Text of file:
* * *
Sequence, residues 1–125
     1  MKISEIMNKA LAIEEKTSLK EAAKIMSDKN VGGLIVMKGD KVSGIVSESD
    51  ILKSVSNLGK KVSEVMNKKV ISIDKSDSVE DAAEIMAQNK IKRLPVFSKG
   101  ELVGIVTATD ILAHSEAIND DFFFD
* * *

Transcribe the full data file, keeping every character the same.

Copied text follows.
Sequence, residues 1–125
     1  MKISEIMNKA LAIEEKTSLK EAAKIMSDKN VGGLIVMKGD KVSGIVSESD
    51  ILKSVSNLGK KVSEVMNKKV ISIDKSDSVE DAAEIMAQNK IKRLPVFSKG
   101  ELVGIVTATD ILAHSEAIND DFFFD